• Whoever is chosen to lead the family business, he or she needs to have a healthy relationship with the departing CEO and owner. She needs to listen to the CEO with respect, and follow his advice. If he has run the business successfully for 30 or 40 years, he must know something!

Plan not only for succession but plan strategy for the structure

Experts also advise family business owners to consider essential facts such as ensuring that the organizational structure is in place to support the next leader. If the firm is developing software and is upgrading it on a regular basis, are all the company’s engineers and data scientists up to speed with industry developments? Does your manufacturing facility keep up with demand? Are there some new sales outlets that need to be developed?

It’s vital for your firm to have a careful plan with limits and methods of accountability that can help align the goals and expectations of the outside leader and the firm.

As your company goes through the transition of acquiring a new leader, it’s a time to get feedback from all employees about how they believe their department is functioning, and what changes might benefit the firm. Use this transition period to listen to employees’ views and to make plans for any needed changes. Be open to suggestions and respect differences of opinions.

Are there other younger family members who need to be trained to manage various aspects of the business? Get them on board and give them the necessary experience they need.

Remember that the bigger your business, the more talented people you will need to lead it. This is the belief of Dr. Joshua Baron, co-founder, and partner of Banyan Family Business Advisors, a Boston-based company that coaches family businesses.

As with any new hire, the company needs to be clear about the skills and capabilities required of the new CEO. When you know what your firm’s areas of weaknesses are, you can look for individuals with expertise in those areas: for example, marketing, or international sales.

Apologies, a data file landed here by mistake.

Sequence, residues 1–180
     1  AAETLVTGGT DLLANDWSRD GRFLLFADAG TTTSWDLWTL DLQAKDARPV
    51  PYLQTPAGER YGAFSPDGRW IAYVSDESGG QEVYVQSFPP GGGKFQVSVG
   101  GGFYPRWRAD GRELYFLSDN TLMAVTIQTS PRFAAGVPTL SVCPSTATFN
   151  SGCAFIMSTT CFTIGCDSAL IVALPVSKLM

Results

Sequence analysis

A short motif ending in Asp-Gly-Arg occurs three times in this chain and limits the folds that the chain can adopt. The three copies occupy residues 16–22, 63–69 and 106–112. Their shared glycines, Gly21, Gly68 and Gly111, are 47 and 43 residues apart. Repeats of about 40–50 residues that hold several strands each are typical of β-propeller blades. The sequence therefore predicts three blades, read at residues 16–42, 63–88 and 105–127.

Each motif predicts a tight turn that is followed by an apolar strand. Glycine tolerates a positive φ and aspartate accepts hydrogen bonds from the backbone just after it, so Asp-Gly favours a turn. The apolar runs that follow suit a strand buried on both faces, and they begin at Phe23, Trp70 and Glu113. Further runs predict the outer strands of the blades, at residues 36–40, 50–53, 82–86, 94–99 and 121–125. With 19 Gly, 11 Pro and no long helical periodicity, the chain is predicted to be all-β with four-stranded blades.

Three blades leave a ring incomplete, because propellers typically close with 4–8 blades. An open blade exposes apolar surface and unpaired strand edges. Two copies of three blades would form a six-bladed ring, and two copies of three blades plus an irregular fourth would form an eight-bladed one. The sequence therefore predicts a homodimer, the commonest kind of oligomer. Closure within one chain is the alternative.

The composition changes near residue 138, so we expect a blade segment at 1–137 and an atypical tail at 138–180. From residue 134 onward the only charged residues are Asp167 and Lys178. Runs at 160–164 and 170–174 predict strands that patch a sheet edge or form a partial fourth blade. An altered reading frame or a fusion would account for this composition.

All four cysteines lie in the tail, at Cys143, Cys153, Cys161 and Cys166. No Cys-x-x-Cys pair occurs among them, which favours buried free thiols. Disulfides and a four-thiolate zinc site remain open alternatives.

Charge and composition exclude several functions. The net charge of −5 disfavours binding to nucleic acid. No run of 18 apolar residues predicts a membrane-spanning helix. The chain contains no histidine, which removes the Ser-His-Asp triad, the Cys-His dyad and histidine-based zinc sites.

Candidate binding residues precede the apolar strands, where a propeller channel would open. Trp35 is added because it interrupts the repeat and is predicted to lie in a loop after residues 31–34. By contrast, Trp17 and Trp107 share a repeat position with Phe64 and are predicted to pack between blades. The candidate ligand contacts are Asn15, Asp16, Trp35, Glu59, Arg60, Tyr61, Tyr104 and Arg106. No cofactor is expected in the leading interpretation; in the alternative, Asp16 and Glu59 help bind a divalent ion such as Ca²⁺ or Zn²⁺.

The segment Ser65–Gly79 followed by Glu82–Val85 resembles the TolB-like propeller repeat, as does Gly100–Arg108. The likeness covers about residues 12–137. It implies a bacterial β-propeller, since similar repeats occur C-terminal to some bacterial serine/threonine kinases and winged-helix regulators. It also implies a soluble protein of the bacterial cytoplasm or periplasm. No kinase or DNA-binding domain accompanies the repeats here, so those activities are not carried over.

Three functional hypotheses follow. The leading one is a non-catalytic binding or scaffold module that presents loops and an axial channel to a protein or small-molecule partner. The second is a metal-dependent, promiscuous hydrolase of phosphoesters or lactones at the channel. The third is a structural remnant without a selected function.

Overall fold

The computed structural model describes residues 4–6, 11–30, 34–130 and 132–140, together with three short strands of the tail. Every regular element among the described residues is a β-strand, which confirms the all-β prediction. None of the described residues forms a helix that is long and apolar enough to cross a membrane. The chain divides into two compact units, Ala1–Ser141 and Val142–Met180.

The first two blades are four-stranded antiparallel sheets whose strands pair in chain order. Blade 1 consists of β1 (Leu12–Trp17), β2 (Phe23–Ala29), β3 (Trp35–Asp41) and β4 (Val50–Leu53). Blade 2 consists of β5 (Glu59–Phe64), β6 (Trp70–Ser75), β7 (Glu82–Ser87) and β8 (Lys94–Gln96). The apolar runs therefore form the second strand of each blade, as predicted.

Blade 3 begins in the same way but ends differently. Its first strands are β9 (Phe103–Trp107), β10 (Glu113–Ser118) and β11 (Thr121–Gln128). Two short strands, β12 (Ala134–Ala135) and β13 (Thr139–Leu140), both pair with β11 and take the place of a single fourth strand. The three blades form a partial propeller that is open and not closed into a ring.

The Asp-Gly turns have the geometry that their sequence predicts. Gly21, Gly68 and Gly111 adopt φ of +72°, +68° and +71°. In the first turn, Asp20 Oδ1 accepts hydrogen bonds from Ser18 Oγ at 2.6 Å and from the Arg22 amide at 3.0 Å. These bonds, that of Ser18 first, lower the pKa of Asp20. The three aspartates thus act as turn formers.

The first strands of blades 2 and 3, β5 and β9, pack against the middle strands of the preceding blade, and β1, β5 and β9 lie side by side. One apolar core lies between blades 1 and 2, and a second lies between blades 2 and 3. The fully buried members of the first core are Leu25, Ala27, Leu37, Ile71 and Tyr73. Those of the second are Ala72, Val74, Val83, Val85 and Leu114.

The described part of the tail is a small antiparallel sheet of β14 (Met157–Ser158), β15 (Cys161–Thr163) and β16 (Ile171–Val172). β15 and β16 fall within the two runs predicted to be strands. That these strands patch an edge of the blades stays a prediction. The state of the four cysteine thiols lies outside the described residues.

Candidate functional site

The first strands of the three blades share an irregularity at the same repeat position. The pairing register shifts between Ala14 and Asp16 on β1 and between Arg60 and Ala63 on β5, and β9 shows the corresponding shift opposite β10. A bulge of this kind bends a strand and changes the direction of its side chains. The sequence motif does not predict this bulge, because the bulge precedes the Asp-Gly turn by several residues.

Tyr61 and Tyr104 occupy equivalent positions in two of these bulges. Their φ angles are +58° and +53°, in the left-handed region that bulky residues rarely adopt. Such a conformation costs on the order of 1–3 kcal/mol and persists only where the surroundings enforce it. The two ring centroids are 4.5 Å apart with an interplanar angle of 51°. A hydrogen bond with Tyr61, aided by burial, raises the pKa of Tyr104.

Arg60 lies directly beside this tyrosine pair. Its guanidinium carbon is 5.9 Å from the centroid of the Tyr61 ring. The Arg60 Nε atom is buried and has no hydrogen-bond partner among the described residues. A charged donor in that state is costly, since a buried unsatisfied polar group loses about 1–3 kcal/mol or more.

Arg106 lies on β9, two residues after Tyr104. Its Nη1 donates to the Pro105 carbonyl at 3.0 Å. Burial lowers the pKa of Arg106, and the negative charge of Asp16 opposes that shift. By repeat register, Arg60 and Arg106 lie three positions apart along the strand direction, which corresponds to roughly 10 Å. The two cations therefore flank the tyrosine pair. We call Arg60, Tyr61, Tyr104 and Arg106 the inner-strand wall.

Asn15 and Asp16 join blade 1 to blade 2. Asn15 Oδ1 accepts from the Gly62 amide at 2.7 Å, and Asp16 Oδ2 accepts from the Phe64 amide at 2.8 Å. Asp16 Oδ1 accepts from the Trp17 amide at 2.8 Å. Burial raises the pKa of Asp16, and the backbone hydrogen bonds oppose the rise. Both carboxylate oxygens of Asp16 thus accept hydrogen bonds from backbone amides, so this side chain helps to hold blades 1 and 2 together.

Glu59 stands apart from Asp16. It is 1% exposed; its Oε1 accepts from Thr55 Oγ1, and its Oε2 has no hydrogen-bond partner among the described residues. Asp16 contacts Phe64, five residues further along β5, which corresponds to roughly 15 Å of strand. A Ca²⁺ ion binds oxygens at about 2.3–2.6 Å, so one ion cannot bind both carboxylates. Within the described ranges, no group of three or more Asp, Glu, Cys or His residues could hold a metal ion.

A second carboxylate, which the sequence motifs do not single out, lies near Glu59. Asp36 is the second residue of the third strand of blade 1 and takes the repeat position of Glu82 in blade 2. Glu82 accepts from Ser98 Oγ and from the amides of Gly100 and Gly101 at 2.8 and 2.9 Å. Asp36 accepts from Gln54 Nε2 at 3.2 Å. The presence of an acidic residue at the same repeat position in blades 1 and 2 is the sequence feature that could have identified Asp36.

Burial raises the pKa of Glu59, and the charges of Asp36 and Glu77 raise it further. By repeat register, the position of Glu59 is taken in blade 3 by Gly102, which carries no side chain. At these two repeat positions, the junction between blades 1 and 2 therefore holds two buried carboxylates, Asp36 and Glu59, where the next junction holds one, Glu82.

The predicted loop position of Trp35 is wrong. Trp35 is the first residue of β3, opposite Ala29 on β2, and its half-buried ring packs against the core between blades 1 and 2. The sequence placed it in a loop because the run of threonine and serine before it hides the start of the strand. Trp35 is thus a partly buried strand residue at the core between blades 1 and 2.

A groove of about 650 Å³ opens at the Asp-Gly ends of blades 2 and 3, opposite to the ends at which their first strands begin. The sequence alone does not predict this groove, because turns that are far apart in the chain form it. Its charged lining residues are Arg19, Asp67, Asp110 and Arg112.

Entrepreneurs’ Organization wrote in Inc.com: “With an honest assessment of the company's pain points, the individual hired to improve these areas will understand the important contribution he or she must make, and current family employees may more readily value the newcomer. When choosing between a highly-productive professional or a family member with average knowledge or skill, the overwhelming preference should be an outsider.”

Just look around you, and you will see examples of family- run businesses that brought in outsiders to lead them upon the founder’s retirement: Ralph Lauren hired Swedish retail executive Stefan Larsson to succeed him at his namesake fashion empire. Levi Strauss & Co. had been run by different generations of the Haas family, who were related to the company’s founder, until 1999– when they chose Philip Marineau from Pepsi Co. to succeed Robert D. Haas as CEO. Haas is the great-great-grandnephew of company founder Levi Strauss. It was the second time in the company’s 146-year history (at that time) that the company went outside its gene pool for its leader.

Conclusion

A family business is in many ways no different from that of any enterprise. While it wants to perpetuate a multi-generational family legacy, it also wants to make money and to move forward in the future with excellence and growth. While family members may bring positive forces such as passion to the leadership of a firm they inherit, a poorly thought out leadership structure full of family members with different responsibilities can stand in the way of the clear, objective business thinking that leads to top results. 

If your family business can benefit from an outside leader, keep the best interests of the firm in mind. Jump at the chance, and make the hire!